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Binder feels robbed by penalty Miller called ‘f***ing senseless’

by Valentin Khorounzhiy
4 min read

until Abu Dhabi Autonomous Racing League

Brad Binder feels a MotoGP stewards’ decision he suspects was “rushed” denied him points in the Mugello sprint, and KTM team-mate Jack Miller sees it as senseless.

Binder was handed a long-lap penalty for first-corner contact with Gresini Ducati’s Alex Marquez, who exited the race on the spot.

Marquez and Binder had started the race seven places apart on the grid, but the Gresini man didn’t have the best of getaways and checked up as Miller zoomed past him, the loss of momentum leaving him around eighth place coming into the corner.

He took a wide line through San Donato – wider than those ahead of him but relatively in line with several of those behind, but came up on Binder while moving back towards the apex as the South African was carrying huge corner speed and himself washed out ever so slightly wide (albeit no wider than Luca Marini right ahead of him).

“Marquez goes wide, Brad keeps his line, Marquez then tries to merge back into traffic like nobody’s there, runs into the side of Brad and then Brad gets a penalty that, for me, is f***ing senseless,” was Binder team-mate Miller’s heated verdict on the incident.

Serving the long lap on lap four of 11 relegated Binder from seventh to 14th, and he could only recover to 11th – with the points only awarded to the top nine.

After the sprint, Binder said he ‘100 percent’ disagreed with the penalty.

“I don’t think I deserved a long lap by any means. I turned in, I was following the track, going around the corner as normal.


“And I felt a knock on my outside. At the end of the day I don’t feel like I deserved a long lap.

“Yeah, to me they robbed me of an opportunity to score points today.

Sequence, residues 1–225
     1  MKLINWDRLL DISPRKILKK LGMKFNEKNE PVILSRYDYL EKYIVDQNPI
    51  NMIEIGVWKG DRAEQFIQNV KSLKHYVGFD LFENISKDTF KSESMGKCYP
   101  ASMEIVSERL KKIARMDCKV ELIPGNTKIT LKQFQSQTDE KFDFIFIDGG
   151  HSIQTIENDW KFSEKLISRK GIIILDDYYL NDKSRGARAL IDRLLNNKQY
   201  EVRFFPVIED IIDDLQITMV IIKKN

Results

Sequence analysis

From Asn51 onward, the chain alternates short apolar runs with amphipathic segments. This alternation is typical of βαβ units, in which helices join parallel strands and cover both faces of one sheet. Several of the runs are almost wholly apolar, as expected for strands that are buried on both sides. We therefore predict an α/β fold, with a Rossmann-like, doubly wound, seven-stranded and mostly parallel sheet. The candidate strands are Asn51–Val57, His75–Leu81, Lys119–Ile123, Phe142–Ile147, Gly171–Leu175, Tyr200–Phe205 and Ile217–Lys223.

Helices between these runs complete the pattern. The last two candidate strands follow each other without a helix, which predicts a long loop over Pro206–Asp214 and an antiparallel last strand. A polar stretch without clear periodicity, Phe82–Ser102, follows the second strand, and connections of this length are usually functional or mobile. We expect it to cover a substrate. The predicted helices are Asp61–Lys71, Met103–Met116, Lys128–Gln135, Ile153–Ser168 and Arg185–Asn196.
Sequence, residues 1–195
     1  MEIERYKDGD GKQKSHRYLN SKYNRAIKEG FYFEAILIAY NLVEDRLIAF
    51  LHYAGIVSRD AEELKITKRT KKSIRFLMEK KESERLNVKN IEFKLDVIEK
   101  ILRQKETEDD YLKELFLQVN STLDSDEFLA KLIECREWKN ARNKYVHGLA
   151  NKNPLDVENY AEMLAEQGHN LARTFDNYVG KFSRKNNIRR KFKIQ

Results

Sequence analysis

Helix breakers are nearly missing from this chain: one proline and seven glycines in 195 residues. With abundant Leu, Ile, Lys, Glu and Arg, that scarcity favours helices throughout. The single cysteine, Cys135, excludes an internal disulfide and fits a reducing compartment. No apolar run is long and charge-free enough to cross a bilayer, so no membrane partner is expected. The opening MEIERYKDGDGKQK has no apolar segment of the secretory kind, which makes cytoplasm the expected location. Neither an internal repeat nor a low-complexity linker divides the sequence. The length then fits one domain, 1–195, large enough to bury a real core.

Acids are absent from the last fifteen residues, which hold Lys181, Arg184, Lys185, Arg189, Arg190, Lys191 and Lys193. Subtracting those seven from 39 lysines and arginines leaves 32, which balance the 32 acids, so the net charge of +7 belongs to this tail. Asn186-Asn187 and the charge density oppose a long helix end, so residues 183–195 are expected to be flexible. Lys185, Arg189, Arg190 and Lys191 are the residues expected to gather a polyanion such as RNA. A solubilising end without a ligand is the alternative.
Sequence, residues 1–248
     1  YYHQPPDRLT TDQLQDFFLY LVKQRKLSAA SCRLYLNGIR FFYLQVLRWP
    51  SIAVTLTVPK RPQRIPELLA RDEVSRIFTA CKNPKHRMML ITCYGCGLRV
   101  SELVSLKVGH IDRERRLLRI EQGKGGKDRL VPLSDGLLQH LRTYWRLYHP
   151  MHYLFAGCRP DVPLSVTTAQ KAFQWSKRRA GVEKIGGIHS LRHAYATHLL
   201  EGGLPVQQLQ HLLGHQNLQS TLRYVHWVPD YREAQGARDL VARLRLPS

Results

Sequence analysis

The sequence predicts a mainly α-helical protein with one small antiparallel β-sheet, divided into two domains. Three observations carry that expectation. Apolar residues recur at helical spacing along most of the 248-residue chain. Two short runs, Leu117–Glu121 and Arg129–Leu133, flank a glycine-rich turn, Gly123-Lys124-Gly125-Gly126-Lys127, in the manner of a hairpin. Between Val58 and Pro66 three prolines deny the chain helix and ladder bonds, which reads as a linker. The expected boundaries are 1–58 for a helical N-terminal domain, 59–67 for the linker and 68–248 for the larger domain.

“When I got the long lap, I didn’t actually know why! I thought maybe I’d been touching the green [violating track limits] somewhere. And then when I stopped, my team explained that Alex crashed in Turn 1. I did feel a bump but I mean, I was looking right [when leaned] and I was where I should be!

“I don’t know where they want me to go or what… to be honest, I think they just rushed the decision a bit maybe. And it’s unfortunate because it cost me points.”

For his part, Marquez – who keeps finding himself eliminated in collisions with other riders in 2023 – lamented the start situation putting himself in that position.

“I had, like, a cross [of trajectories] with Miller, and I needed to close a little bit the gas, but with these bikes if you close a little bit you lose all the performance until the first corner.

Brad Binder

“So that’s where I lost it. And nothing more, I think from the helicopter [camera] view it looks quite well what happened in the first corner.

“I was not wide. There we have many different lines. Can happen, but from the helicopter view looks like he [Binder] missed a little bit also the corner.”

Marquez’s brother Marc – though normally laissez-faire when it comes to penalties – said he “completely agreed” with the Binder sanction, but Alex himself was not quite as categorical.

He said only that it was to be a penalty because he himself had been penalised at Le Mans, for a run-in with none other than Binder.

But he also sounded amusedly irritated at the fact Binder’s penalty was the same as Marquez would’ve had at Le Mans had he stayed in the race for long enough – although that move didn’t result in a DNF for the other party.

“So, I mean, honestly speaking, they [the stewards] don’t have a lot of idea. They don’t have a plan.”

Of Miller’s description of the incident, Marquez said: “I think it was the opposite! So he needs to watch the images before talking. It’s what I do.”

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